Early Morning in Blue Ridge, Georgia

May 3, 2017 at 7:28 am

Blue Ridge Geor­gia. April 2017. Mamiya Pro TL, Ilford FP4+.

Austin in Black and White, April 2016

July 25, 2016 at 11:23 pm

A mix of Fuji Acros 100 (in the Leica M3) and Ilford Delta 3200 (in the Mamiya Pro TL). Walk­ing around Zilker Park, Rainey St, and 6th from BookPeo­ple to downtown.

Raleigh, February 2016

February 24, 2016 at 11:24 am

Every few months I travel to Raleigh, North Car­olina and on these vis­its I try to explore down­town a lit­tle bit. This month I had another trip and took my Leica M3 and my (new to me) Mamiya C330. These are some of my favorites from three ses­sions — one late after­noon and one night­time walk with the M3, and one mid­day with the C330. The M3 had a roll of expired 400UC and the Mamiya was loaded with Ultra­fine Extreme 400.

I’ve got­ten to a pretty com­fort­able place with the Leica, but the C330 is still very for­eign to me. In fact, on three of my images the lens didn’t acti­vate — no idea what I did wrong there. I had switched out the 80mm 2.8 for a 180mm 4.5 and some­how didn’t set it up cor­rectly. Will read more and bet­ter luck next time. Big thank you to Karl Abbott for the roll of Ultra­fine — it turned out great in a Microphen stock dev!

Aerial Lessons at Abrasive Media

October 5, 2015 at 12:21 pm

Shad­ow­ing Lizard Walker dur­ing a cou­ple of aer­ial classes at abra­sive­Me­dia. We are start­ing to explore a long-term col­lab­o­ra­tion which is very exciting!

Sep­tem­ber 2015. Delta 3200, Mamiya 645 pro tl

Asheville, Kanuga, Western North Carolina June 2015

July 28, 2015 at 5:58 pm

 

Extended trip to west­ern North Car­olina in June 2015. HP5+ 220 in the Mamiya 645 and Supe­ria 400 in the Leica M3.

Raleigh, February 2015. Tri-X 400 120, GA645

February 26, 2015 at 2:13 pm

This is the roll of Tri-X 400 that I picked up from the Imag­in­gUSA Kodak booth. I haven’t shot any medium for­mat Tri-X before (to my rec­ol­lec­tion any­way) and I was very impressed with the breadth of tone that could be pulled from the scans.

As always, I loved walk­ing around with the GA645. Just a great cam­era. So sharp, so reli­able — my only com­plaint is that it shoots 15 instead of 16 on a 120 roll (and 30 instead of 32 on 220). But being able to use the same equip­ment for 120 & 220 with­out adapters is pretty awe­some. Which reminds me.…I have a roll of FP4 220 that needs to be used!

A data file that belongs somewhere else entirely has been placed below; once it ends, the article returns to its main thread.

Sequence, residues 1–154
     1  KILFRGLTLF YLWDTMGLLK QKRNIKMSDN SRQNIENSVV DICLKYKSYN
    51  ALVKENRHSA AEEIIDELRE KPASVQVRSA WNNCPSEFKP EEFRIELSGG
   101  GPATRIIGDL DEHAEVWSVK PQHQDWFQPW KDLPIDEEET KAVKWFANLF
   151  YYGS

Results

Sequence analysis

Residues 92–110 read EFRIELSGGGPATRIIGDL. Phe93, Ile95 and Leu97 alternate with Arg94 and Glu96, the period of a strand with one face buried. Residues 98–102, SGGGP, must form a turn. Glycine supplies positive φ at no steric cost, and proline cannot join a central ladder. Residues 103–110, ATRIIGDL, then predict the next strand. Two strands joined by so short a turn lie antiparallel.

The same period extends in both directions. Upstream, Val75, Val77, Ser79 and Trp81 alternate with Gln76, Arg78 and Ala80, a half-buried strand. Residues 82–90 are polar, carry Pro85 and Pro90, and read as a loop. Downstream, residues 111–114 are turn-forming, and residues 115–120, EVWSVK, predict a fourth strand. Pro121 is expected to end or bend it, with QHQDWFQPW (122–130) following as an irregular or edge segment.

Photo Exploration: Cabin Wall with Guitar Strings, June 2014.

July 23, 2014 at 12:00 pm

Since I first started play­ing gui­tar I had wound my strings into a lit­tle round object as they came off for new strings. It was really more a func­tion of keep­ing the strings in place as they came off the instru­ment and not lay­ing around haphazardly.

But over time I started to really love the cir­cu­lar shape and I tried to put a lit­tle inten­tion in how I wrapped the strings. I cer­tainly am not the first (or ten thou­sandth) to do so, but I did really like the way they looked. Espe­cially the older strings when I was lax on chang­ing them. Their worn down feel was beau­ti­ful when woven together — all the dif­fer­ent thick­nesses and mate­r­ial in and out, with enough nat­ural flex and resis­tance to man­ual posi­tion­ing that each set of strings was a lit­tle unique.

At Kanuga this past June, the time came to change strings on site. I’d been delib­er­at­ing on tak­ing a photo of the cabin wall by itself, but I real­ized that what I really needed was to make a photo of the strings on the wall. The con­trast of the organic wall with the two nails (which have been there since who knows when) and the metal cir­cles all came together very well in a late after­noon long expo­sure (I believe it was 2 sec­onds at f/11).

Cabin Wall with Guitar Strings. June 2014. FP4+ 120 film.

Cabin Wall with Gui­tar Strings. June 2014. FP4+ 120 film.

I am grate­ful of my his­tory at Kanuga. I’ve been going there twenty years this sum­mer, and it con­tin­ues to be as for­ma­tive then as it was that first year. I’ve almost always stayed in the #30–36 cab­ins and the tex­tured green walls are as famil­iar as my own skin. I’m pleased with this image, as a remem­brance of a quiet time and place in the midst of a hec­tic life.

Using the cam­era as a tool to record a staged event is of mixed regards, and the ten­sion of still life vs more “street” or “organic” com­po­si­tions still goes back and forth in my own aes­thetic. How­ever, I do believe that it is pos­si­ble to cre­ate a clearer state­ment of place and/or time by lay­er­ing objects delib­er­ately and then record­ing that con­tent than by wait­ing and hop­ing to chance upon arrange­ments that speak the same. If we are to have clar­ity of our mem­o­ries and our rec­ol­lec­tions, we must be able to express those same through what­ever tools we have available.

Now, an inter­est­ing step fur­ther is that I left the strings there on the wall. If another pho­tog­ra­pher was to come onto the porch and see those strings and make an image, they would have the oppo­site rea­son­ing for doing so — their record­ing of a found for­ma­tion as opposed to my inten­tional cre­ation. Would they feel any con­nec­tion to my work? Would their prints be at all related to mine of the same scene? Maybe next time I visit Kanuga they will still be there and I can inves­ti­gate, at least con­trast­ing my own estab­lish­ing vs find­ing work.

French Broad Chocolate Lounge, Asheville. June 2014.

July 3, 2014 at 3:11 pm

We had an extended visit to West­ern North Car­olina in June, and one of the stops was the always fan­tas­tic French Broad Choco­late Lounge. Great cof­fee, great treats.

Shot with the Mamiya 645 Pro TL and expired FP4+ 220 film.